New data suggests novel mAb could delay progression of early Alzheimer’s

Full results from the “first Phase III study of a disease-modifying therapy to replicate the positive clinical results observed in a previous study” have been published in JAMA.

New data suggests novel mAb donanemabcould delay progression of early Alzheimer's

Eli Lilly and Company’s TRAILBLAZER-ALZ 2 study has shown donanemab enabled nearly half of participants at earlier stage of Alzheimer’s to experience no clinical progression at one year, according to full results from the Phase III trial.

The data was shared at the 2023 Alzheimer’s Association International Conference (AAIC) and published in the Journal of the American Medical Association (JAMA). Additional subpopulation analyses presented revealed that participants at the earliest stage of the disease had a 60 percent slowing of decline compared to placebo.

Publication of this data follows on from a response letter issued by the US Food and Drug Administration (FDA) in January this year, for Eli Lilly and Company’s accelerated approval submission of donanemab for early Alzheimer’s.

Data from the landmark Alzheimer’s study

“This is the first Phase III study of a disease-modifying therapy to replicate the positive clinical results observed in a previous study,” stated Anne White, Executive Vice President of the Big Pharma firm Eli Lilly and Company and President of Lilly Neuroscience.

“It is important to stress that donanemab does not improve symptoms but slows down deterioration,” Professor Paresh Malhotra, Head, Division of Neurology, Imperial College London, and Consultant Neurologist, Imperial College Healthcare NHS Trust emphasised.

Additional data presented at AAIC confirmed that regardless of baseline clinical or pathological stage of Alzheimer’s, donanemab treatment provided cognitive and functional benefits relative to placebo.

The overall treatment effect of the monoclonal antibody (mAb) donanemab continued to grow throughout the trial, with the largest differences versus placebo seen at 18 months.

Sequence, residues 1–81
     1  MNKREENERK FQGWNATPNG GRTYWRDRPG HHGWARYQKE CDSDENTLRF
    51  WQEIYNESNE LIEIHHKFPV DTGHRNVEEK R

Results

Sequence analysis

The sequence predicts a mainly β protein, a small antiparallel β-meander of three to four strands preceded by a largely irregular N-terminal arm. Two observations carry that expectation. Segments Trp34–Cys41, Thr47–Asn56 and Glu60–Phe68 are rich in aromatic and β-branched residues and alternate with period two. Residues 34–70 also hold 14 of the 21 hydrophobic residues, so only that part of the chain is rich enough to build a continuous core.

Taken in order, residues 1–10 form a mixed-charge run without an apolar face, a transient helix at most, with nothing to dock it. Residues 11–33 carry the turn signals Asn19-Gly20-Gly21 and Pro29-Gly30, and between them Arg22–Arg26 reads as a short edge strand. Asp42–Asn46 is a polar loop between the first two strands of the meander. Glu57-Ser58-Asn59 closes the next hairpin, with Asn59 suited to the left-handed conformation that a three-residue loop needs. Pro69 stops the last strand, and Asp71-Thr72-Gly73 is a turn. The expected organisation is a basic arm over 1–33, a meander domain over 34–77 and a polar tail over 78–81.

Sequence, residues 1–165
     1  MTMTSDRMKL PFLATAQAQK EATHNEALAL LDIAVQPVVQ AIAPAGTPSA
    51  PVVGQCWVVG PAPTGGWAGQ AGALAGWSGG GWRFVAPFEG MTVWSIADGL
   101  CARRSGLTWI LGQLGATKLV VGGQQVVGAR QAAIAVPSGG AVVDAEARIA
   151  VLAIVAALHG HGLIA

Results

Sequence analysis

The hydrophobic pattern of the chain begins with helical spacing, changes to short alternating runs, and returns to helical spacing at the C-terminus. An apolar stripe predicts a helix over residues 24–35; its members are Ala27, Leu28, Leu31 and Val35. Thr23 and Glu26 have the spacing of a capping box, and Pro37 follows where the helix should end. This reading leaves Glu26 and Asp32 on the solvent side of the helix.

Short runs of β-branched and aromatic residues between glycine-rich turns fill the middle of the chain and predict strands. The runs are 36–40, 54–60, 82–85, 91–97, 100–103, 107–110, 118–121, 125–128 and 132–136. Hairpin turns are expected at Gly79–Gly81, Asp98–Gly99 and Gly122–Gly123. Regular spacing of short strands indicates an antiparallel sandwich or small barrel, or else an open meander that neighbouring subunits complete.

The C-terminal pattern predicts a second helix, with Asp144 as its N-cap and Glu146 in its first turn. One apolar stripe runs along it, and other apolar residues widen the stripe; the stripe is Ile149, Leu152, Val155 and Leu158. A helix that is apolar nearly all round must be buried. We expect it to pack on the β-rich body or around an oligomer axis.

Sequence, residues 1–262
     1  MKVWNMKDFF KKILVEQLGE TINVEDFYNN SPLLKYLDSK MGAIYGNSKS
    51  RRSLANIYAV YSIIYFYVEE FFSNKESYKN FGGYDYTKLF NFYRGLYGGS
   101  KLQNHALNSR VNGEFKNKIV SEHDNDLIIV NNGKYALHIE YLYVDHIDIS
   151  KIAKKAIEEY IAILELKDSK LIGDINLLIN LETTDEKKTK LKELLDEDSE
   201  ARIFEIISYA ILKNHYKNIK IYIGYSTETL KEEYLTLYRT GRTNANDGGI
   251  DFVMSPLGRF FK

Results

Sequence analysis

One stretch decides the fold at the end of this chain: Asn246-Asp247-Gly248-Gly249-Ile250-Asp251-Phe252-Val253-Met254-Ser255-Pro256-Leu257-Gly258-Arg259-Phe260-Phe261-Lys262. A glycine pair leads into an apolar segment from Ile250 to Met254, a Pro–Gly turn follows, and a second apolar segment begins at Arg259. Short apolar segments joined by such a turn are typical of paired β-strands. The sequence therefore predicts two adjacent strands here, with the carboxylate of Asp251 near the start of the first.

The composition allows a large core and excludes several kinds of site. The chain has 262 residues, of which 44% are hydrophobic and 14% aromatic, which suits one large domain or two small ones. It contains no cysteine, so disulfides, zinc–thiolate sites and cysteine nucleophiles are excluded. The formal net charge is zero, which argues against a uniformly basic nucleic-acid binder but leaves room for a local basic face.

Among all participants, treatment with donanemab reduced amyloid plaque on average by 84 percent at 18 months, compared with a one percent decrease for participants on placebo.

Clinical trial participants were able to stop taking donanemab once they achieved pre-defined criteria of amyloid plaque clearance. Approximately half of participants met this threshold at 12 months. Around about seven of every ten participants reached this limit at 18 months.

Those given donanemab also had a 39 percent lower risk of progressing to the next clinical stage of Alzheimer’s over the 18-month trial. This delay in progression meant that, on average, these participants had an additional 7.5 months before they reached the same level of cognitive and functional decline on Clinical Dementia Rating-Sum of Boxes (CDR-SB) rating compared to those on placebo.

Regulatory approval of donanemab

White added: “If approved, we believe donanemab can provide clinically meaningful benefits for people with this disease and the possibility of completing their course of treatment as early as six months once their amyloid plaque is cleared.”

Submission to the US FDA for traditional approval was completed last quarter. Regulatory action is expected by year end. Eli Lily is currently submitting to other global regulators.